TROUBLESHOOTER / I’m at my wit’s end with my doofus of a husband

The Yomiuri ShimbunDear Troubleshooter:

I’m a woman in my 50s, seeking advice about my husband.

We’ve been married for 35 years, and our two daughters have grown up to be independent. My husband is 10 years older than me, and I got married to him expecting that I could respect him.

In reality, however, I’m fed up with his ignorance. He doesn’t have general intelligence and has embarrassed me many times.

He doesn’t care to learn how to use a smartphone or computer. He doesn’t check a dictionary when writing simple kanji characters but instead casually asks me. Of course, he doesn’t read books at all.

People may see him as a serious, kind and friendly person. But that’s not true. Whenever I’m with him, I’m stressed with the feeling that I have nowhere left to run and start hating myself.

But I’m physically weak and don’t have the courage to divorce him now.

The one saving grace is that we both go to work. I don’t want to cause any trouble to our daughters, so I can’t consult with them. How should I look at this situation?

E, Osaka Prefecture

Dear Ms. E:

I totally understand your story. You must be feeling overwhelmed.

How about looking at this situation from your husband’s perspective? He has his own world and has got by with it. He has a different sense of worth from yours and might be an expert on things that are totally uninteresting to you.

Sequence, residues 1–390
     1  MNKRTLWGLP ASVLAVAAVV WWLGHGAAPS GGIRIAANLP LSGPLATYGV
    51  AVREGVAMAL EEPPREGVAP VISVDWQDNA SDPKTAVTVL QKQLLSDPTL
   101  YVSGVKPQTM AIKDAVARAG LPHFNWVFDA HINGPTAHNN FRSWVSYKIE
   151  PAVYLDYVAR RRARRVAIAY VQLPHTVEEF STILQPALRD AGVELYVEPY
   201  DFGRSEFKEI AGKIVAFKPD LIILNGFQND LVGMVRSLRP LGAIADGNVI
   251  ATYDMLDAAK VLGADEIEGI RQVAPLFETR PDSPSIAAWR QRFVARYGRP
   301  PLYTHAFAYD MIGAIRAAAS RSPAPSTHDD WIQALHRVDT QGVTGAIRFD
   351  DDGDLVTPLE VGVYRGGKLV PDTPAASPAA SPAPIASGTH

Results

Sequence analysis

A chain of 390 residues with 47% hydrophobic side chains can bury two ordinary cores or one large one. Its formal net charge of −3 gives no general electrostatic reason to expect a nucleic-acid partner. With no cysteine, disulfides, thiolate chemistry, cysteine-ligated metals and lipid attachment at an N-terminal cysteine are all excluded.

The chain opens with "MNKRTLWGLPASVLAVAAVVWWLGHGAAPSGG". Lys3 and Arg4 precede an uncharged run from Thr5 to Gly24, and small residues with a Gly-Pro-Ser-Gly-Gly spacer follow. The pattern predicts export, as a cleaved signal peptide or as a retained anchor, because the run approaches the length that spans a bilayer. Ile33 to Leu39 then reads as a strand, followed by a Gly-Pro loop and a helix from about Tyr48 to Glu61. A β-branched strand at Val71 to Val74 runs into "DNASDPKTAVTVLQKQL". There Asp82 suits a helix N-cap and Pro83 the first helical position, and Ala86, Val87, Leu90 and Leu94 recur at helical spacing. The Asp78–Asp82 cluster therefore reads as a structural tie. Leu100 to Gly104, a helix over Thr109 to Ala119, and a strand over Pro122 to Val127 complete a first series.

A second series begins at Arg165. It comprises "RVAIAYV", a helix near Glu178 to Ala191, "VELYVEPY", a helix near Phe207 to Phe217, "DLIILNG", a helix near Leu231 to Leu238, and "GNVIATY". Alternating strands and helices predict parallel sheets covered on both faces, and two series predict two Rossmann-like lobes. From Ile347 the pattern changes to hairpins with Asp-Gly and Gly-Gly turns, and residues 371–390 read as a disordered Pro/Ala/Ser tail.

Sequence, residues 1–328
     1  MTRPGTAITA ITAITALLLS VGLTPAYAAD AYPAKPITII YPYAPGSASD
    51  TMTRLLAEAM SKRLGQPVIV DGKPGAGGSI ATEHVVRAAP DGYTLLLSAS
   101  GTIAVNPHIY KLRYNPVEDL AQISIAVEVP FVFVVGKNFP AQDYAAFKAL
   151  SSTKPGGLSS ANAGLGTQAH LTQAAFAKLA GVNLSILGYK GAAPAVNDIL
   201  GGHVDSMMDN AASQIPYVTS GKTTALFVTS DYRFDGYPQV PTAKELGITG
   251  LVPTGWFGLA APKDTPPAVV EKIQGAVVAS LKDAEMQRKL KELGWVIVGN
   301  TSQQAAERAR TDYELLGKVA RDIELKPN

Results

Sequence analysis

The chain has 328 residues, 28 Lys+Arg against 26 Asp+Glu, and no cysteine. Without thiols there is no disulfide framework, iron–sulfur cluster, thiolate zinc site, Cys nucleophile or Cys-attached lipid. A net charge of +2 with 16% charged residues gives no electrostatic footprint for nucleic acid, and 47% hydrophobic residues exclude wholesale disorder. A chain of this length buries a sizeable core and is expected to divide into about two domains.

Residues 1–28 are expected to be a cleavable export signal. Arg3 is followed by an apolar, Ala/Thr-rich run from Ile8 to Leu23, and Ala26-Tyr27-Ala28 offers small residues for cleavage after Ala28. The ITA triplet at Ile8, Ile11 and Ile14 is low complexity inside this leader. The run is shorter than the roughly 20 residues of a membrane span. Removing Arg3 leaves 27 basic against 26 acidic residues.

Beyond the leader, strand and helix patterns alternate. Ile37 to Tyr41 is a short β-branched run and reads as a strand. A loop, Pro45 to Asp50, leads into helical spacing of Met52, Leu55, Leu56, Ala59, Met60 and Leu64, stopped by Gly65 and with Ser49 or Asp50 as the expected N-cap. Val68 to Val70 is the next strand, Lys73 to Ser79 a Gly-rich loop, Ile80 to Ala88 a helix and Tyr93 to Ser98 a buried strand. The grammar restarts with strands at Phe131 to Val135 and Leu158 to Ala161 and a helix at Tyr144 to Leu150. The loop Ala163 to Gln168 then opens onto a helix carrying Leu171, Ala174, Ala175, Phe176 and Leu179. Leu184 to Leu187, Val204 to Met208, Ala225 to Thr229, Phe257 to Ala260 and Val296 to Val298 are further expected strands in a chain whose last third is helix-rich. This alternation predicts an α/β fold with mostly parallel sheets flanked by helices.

It’s said that two people living in different worlds end up becoming close after each of them finds something good in the other person’s world that could never be found in their own world.

To do this, you have to know more about the other person. You may at first believe that you know all about your husband and consider him a fool, but over the years, you may come to learn about his intentions and start respecting him.

If you still wish to make your relationship better than the current one where you just turn each other away, you should try to get closer to your husband’s views and feelings and at least understand them, even if you don’t share a sense of worth with him.

Do you think it will all lead to nothing? Think again. Your efforts will lead to enhancing your heart and patience, which will change something.

Taku Mayumura, writer

(from Sept. 14, 2018, issue)Speech

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